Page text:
Christine Romans joins me again with a closer look -- Christine.
CHRISTINE ROMANS, ANCHOR, CNN'S "BOTTOM LINE": Well, Ali, interest rates on those federally subsidized student loans are set to double on July 1st. The president and Governor Mitt Romney agreed that they should be kept low. There's some politics involved in the last minute about how to make that happen, but some say keeping interest rates low, that doesn't go far enough.
ROMANS (voice-over): The ball and chain of the middle class, student loan debt. An offshoot of "Occupy Wall Street" wants to forgive all student debt, $1 trillion of it, more than car loans or credit cards.
ANDRE ROSS, LEADER, OCCUPY STUDENT DEBT CAMPAIGN: It's a crisis, and it's not going away, and the current reforms that President Obama is proposing out there on his campaign trail, are like putting a band-aid on a tumor.
ROMANS: The theory goes, this is a bailout for students that would also be an economic stimulus, because money meant for loan payments would be spent in other ways. It's a far left battle cry, to be sure, but student loan experts say it's unrealistic.
MARK KANTROWITZ, PUBLISHER, FINAID.ORG: I don't think all loans are going to get forgiven, because it's just to expensive. There are much more effective ways of stimulating the economy, if that's the goal.
ROMANS: And you the taxpayer would pay for it. Because 85 percent of student loan debt is backed by the federal government. Experts say the focus should be on limiting how much money we're borrowing in the first place. Some experts advise planning for college like this. If possible, parents pay for a third, students pay for a third, and the students borrow a third. Too much student debt limits your choices later.
KANTROWITZ: You're still going to be paying back your own student loans when your children are enrolling in college. You won't have saved for their college education. You'll be less willing to borrow for their college education, because you'll still be up to your eyebrows in debt.
ROMANS: It's a middle class nightmare, really, rising tuition, doubling interest rates, and too few jobs for new graduates. And that's what's really important here. Just too few jobs. It's not exactly what you and I had to deal with when we came out of school. How are you going to start a small business or buy a home if you're carrying this much debt? That's exactly what the issue is all about. But who pays for those low interest rates, Ali? Who pays for forgiving debt?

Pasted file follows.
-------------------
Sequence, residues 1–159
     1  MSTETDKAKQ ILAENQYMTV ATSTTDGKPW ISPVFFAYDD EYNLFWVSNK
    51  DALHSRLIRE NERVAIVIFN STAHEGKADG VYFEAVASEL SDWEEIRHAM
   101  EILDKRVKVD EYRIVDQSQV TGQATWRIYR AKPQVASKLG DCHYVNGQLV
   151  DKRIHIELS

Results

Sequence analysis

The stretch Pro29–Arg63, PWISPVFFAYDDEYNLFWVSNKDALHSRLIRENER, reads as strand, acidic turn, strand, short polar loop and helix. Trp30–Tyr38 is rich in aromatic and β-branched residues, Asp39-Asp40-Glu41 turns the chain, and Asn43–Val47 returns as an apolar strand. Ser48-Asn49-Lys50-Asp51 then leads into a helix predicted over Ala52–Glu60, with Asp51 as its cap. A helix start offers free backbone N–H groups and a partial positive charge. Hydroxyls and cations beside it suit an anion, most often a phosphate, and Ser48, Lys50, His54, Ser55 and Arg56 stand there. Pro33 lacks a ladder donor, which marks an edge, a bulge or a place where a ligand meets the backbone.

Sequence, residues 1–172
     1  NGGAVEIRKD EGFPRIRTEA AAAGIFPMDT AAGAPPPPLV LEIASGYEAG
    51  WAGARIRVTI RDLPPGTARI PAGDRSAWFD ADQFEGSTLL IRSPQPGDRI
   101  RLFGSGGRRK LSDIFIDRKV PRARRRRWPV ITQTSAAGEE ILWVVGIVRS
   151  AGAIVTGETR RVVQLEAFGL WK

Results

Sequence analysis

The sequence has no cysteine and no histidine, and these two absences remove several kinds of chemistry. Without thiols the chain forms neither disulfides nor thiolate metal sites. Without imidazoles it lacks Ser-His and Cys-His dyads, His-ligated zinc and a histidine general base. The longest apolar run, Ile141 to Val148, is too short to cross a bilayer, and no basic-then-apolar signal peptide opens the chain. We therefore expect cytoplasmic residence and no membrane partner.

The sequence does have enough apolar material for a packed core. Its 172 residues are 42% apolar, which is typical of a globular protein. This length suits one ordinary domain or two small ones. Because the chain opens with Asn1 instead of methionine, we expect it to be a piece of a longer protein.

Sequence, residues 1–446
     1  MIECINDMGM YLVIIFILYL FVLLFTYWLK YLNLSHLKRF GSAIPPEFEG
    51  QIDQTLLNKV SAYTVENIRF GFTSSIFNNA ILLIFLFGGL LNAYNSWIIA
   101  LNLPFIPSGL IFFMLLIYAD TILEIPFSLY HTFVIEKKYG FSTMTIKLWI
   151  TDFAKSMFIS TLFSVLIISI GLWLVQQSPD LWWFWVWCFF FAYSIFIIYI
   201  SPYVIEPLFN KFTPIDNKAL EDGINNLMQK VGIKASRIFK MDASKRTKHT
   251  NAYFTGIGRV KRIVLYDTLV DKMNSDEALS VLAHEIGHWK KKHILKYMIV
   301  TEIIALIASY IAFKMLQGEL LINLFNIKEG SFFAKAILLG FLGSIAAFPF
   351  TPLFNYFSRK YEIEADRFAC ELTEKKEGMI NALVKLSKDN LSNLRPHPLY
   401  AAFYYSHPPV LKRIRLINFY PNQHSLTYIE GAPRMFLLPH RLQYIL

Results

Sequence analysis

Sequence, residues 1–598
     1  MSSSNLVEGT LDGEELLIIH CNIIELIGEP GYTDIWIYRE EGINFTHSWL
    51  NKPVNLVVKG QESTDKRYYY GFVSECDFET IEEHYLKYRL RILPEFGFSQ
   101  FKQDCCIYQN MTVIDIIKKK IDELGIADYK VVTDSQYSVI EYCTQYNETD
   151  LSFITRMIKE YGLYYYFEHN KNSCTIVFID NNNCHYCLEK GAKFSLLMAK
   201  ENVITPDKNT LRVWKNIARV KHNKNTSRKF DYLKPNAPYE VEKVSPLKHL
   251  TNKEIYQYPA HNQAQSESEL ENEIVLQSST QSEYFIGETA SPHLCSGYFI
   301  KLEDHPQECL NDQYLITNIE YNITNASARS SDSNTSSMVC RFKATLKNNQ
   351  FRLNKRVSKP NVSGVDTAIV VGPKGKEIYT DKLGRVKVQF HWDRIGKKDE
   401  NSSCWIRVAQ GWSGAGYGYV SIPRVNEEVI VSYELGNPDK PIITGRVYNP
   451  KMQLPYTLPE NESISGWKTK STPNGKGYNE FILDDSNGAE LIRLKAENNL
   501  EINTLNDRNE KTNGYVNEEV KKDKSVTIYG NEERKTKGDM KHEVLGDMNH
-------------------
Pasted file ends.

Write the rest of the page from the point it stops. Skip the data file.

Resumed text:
Look, that's a long shot. They're not going to forgive student loan debt.
VELSHI: All right. We should be clear, that number you're looking at, that 16.4 percent unemployment is the unemployment rate for 16 to 24-year-olds. Once you -- that number is very, very different if you have a college degree. So if you're 20 years old or 21 years old with an undergraduate degree, it is a quarter of that, if not lower.
ROMANS: True, but a big chunk of recent college graduates are either underemployed or unemployed.
VELSHI: Right. Right.
ROMANS: They've never even been in the labor market, Ali, so they're not even counted yet in the overall unemployment rate. So that's what they're talking about, this lack of opportunity on the front end.
ROMANS: But who's fault is that? Do you the taxpayer, Ali, want to pay for your neighbor's kids' five-year anthropology degree at a private school? \
VELSHI: Yes. Yes. I don't know. I want to -- I want to -- I'm totally fine with paying for my neighbor's education if it's going to help society, and the question about whether it's an anthropology degree or petroleum engineering degree, may be the bigger question.
Let's bring Van Jones back. He's a former special adviser in the Obama administration. He's the author of "Rebuild the Dream,"
Will Cain joins us as well. CNN contributor, with a slightly philosophical -- conservative philosophical bent.
Gentleman, good to have you into the conversation. There are two separate issues here. One, as Christine said, is the issue of loan forgiveness. The other, which Congress, is dealing with is keeping interest rates on federal subsidized student loans low, into next year, at a price tag of $6 billion.
Van, bottom line, can we afford either of these proposals? The Democrats say we should take money from big oil subsidies. The Republicans say it should come from a special health care fund. What do you think?
JONES: Well, first of all, I think it's good that the young people themselves started this conversation, saying, and Jesus, what's going to happen to us, you're going to be doubling the interest rate. Every kid about to graduate from high school is staring down the barrel of a 6.8 percent interest on the Stafford loans.